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What is the key limiting factor for human development?

Professor Paul Ehrlich from the American Association for the Advancement of Science and the National Academy of Sciences, explains.

- The key limiting factor for human development on this planet as a whole, is the ability of our environment to handle our waste products, Paul Ehrlic explains.

About Paul Ehrlich
Paul R. Ehrlich has pursued long-term studies of the structure, dynamics, and genetics of natural butterfly populations. He has also been a pioneer in alerting the public to the problems of overpopulation, and in raising issues of population, resources, and the environment as matters of public policy.

A central focus of his group is investigating ways that human-disturbed landscapes can be made more hospitable to biodiversity. The Ehrlich group's policy research on the population-resource-environment crisis takes a broad overview of the world situation, but also works intensively in such areas of immediate legislative interests as endangered species and the preservation of genetic resources.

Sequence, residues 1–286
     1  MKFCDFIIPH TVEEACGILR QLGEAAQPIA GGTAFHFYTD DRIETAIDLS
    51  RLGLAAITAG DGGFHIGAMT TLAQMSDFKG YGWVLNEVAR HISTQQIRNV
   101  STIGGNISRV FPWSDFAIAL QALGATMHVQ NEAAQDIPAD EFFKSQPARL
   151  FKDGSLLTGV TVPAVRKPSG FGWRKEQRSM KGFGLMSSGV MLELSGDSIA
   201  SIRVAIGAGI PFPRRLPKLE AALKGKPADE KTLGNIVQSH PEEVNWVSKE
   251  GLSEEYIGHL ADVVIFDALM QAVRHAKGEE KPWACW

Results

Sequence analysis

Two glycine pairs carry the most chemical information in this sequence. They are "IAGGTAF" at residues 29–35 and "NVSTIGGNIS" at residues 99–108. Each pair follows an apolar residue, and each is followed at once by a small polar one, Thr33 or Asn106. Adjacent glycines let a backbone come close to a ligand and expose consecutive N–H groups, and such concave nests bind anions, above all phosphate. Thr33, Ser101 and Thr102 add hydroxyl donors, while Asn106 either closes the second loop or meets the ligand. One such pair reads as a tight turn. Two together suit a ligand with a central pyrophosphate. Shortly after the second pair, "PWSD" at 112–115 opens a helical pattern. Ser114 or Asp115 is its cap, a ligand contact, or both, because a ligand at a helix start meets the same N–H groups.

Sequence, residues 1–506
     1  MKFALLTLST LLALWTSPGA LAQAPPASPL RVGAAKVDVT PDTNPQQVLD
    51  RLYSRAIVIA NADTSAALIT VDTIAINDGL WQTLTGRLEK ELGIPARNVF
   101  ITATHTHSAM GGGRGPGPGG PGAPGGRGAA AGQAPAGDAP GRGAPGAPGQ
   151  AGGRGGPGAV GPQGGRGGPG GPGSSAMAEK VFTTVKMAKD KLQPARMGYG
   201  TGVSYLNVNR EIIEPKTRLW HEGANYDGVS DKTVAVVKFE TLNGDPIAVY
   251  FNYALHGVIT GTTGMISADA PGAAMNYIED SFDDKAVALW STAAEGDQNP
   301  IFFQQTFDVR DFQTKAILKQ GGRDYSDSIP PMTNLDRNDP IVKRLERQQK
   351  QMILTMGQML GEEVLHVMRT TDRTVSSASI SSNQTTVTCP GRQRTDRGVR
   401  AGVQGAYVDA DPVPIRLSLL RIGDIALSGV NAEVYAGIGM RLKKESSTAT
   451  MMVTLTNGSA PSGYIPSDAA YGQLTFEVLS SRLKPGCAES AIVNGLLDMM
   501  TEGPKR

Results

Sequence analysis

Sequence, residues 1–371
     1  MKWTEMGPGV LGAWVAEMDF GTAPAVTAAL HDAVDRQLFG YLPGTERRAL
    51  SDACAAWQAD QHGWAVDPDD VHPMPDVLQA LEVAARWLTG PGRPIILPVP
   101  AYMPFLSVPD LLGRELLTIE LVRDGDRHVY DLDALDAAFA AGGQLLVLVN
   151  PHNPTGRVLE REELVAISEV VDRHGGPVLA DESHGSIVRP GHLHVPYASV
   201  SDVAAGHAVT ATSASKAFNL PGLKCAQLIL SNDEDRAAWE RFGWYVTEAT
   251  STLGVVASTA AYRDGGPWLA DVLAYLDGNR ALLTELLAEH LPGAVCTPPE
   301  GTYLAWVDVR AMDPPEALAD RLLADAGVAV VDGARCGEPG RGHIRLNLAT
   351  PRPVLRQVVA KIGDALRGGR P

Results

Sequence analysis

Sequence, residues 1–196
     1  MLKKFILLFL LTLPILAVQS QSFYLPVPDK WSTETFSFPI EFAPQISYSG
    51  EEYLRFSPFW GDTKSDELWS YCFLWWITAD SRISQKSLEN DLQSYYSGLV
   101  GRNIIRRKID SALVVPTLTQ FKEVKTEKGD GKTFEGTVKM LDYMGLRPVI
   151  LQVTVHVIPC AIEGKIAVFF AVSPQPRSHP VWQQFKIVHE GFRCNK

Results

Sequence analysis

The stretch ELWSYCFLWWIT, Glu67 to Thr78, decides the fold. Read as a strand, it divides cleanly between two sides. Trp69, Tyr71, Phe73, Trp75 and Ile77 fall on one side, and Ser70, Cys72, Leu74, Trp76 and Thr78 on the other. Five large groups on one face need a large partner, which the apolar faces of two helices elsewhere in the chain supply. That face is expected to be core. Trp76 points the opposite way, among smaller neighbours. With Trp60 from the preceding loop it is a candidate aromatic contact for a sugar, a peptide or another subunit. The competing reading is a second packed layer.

Professor Ehrlich is a fellow of the American Association for the Advancement of Science, the American Academy of Arts and Sciences, and the American Philosophical Society, and a member of the National Academy of Sciences.

Professor Ehrlich has received several honorary degrees, e.g. the John Muir Award of the Sierra Club, a MacArthur Prize Fellowship, the Crafoord Prize of the Royal Swedish Academy of Sciences, the Volvo Environmental Prize, the United Nations' Sasakawa Environment Prize, the Blue Planet Prize, and the Eminent Ecologist Award of the Ecological Society of America.

Stockholm Resilience Centre is a collaboration between Stockholm University and the Beijer Institute of Ecological Economics at the Royal Swedish Academy of Sciences

Stockholm Resilience Centre
Stockholm University, Kräftriket 2B
SE-10691
Phone: +46 8 674 70 70
info@stockholmresilience.su.se

Organisation number: 202100-3062
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